Norman Hartnell: English designer


In my personal library of fashion history titles, I have the following book:

Silver and Goldby Norman Hartnell.

Published in 1955, it is Hartnell’s autobiography. Hartnell (1901-1979) was an English designer best known for designing Queen Elizabeth II’s coronation gown in 1953 and was the primary designer for English Royalty beginning in 1935.

Thus, much of this book focuses on his work for the Royal family. But, a good section also focuses on his fashion work in the 1930s. It includes a number of full page photographs, sketches and full color illustrations of various gowns designed by Hartnell between about 1930-1955. Eye candy to say the least.

The tone of the book is a bit of mind candy as well – you’ll see what I mean by this quote (pg 80)

“The pastel shades of velvet are almost irresistible in palest turquoise, lilac and candy pink, but resisted they are, for they would prove too costly for the young wearer and too enlargening for the mature. Some exquisite silks and satins are rippled out at our feet and the temptation is to buy the whole lot, but common sense enters to resist the rustling flowerstrewn taffetas and metal threaded brocades, often too rich in beauty for women to wear. I have to remember reluctantly that at my dress collections a woman may refuse the most beautiful dress in preference for a little workaday number. Recklessly, however, I do order one or two of these glorious products, to be included in the collection merely for the sake of decoration and personal satisfaction.”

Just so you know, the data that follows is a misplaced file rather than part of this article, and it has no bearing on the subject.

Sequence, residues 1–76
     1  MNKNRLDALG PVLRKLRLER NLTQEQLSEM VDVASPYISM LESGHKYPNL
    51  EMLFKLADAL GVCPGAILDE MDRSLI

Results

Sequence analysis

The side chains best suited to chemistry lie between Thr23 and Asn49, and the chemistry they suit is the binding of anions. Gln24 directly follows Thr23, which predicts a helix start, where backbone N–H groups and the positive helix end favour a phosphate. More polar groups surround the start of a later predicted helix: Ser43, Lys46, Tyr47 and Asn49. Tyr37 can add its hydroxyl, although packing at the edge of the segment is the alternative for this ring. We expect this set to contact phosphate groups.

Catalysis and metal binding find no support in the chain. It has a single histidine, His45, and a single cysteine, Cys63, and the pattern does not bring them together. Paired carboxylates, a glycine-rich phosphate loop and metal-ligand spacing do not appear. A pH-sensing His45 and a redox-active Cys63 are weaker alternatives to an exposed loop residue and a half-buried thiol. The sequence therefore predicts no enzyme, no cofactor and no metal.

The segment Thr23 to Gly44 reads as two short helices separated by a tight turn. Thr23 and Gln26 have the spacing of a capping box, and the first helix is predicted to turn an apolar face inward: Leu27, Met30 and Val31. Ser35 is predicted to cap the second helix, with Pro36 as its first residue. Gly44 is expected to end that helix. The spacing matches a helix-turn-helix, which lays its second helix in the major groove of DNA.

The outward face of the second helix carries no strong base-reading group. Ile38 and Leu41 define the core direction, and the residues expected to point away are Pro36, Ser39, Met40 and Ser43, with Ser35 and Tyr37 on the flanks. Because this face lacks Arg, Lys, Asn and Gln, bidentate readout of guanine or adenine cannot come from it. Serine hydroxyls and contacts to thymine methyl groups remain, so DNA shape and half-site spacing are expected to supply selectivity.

Flowery descriptions and gossipy notes on the Royals and lessor nobles abound. This fashion show by Hartnell from 1938 not only shows (quickly) his collection, but also explains much of his inspiration – Victoriana, Egyptian drapery, English flowers, fur, sequins, jewels and crystals.

More on the Royal wardrobe can be found here at the official website for her The British Monarchy.

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